SO while this story about "virusses" is obviously a marketing fantasy the advantages of using a double shielded cable are not.
They're not alone anymore...
"Microsoft needs brute force to coerce a touch-based "ecosystem" into existence, and it's using Windows as the battering ram. Microsoft fears that if it loses "touch" to the iPad and iPhone and Android, then it loses its place in the consumer space altogether."
So basically trying to do the exact same thing when they discovered that they had missed the boat to the Internet miserably. Instead of trying to catch up they simply started to make the lives of the competition as horrible as possible by simply violating set out standards and thus trying to enforce their own Windows-specific standards onto the market. Something the competition could do little about considering that most people would simply use that what MS has provided them with.
However times have changed. And so has the market; its not something MS can easily dictate any longer. It's also the reason why launching a hardly flawless product isn't the best of ideas if you're trying to make it appeal to your customers. Back in the days they could get away with it but now people actually have a choice on the matter.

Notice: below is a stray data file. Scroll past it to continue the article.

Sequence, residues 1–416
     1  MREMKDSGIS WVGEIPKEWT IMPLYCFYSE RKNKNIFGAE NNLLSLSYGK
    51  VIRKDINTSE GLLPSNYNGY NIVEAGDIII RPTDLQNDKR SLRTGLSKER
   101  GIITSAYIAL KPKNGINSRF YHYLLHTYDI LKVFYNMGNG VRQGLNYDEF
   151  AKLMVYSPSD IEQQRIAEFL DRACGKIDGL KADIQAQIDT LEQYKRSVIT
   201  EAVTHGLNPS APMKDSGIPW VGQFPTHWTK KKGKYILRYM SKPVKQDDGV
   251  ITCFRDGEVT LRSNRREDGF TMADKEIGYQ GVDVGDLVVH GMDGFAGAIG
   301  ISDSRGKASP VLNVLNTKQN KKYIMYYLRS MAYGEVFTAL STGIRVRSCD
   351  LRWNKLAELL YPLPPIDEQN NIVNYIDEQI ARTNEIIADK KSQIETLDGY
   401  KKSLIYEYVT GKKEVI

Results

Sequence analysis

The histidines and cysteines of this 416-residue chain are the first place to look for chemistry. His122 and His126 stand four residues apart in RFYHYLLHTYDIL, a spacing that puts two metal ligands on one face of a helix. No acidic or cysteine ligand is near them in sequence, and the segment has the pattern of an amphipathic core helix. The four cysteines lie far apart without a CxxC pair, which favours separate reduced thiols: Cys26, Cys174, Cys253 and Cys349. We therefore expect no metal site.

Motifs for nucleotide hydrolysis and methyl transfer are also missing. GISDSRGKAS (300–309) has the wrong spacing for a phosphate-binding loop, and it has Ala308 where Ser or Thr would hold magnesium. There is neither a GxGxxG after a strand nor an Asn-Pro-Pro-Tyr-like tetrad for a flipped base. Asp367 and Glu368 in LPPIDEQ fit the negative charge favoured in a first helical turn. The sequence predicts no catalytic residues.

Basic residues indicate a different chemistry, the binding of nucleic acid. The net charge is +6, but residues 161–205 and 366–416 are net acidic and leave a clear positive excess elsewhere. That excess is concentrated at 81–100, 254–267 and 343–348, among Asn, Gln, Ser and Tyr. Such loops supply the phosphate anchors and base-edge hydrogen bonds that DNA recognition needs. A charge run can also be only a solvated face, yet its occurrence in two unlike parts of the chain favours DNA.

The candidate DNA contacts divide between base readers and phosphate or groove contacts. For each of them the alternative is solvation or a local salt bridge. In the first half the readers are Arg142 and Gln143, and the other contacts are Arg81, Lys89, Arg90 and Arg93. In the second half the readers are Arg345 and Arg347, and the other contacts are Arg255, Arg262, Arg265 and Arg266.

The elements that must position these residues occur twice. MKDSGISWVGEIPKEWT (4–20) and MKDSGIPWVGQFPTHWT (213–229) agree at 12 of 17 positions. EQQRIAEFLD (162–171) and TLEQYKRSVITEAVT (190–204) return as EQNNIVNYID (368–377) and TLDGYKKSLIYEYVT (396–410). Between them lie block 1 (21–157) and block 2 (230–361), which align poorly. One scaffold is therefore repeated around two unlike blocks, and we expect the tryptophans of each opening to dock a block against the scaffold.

To me it seems that Microsoft is trying to catch up, but the way they do it leaves something to desire. But most of all... IMO they need to get rid of the prejudice many people have towards certain Window products and that won't be easy because these opinions were based on existing and proven failures.
As the author said; people annoyed with Metro are likely to ditch the Windows Phone solely because of the familiar interface. Ironically enough; people who enjoy previous Windows versions are also likely to ditch the Windows Phone up front because of the /unfamiliar/ interface. And people who are more interested most likely end up on stories which cover the first release ("What, no support for todo lists, what nonsense is that?") and as such....
Microsoft suffers from legacy & prejudice.
If you start off by making a bad impression then this will come to haunt you. Eventually you'll need to find ways to get rid of it again and once again try to appeal to people so that they may cast aside their prejudice and actually try your product once again. That will cost you time and money.
Unfortunately it appears as if MS never seems to learn from its mistakes. Once they do then I think they can save a /lot/ of money on marketing costs such as these and actually leave a positive impression once in a while which may even last some longer.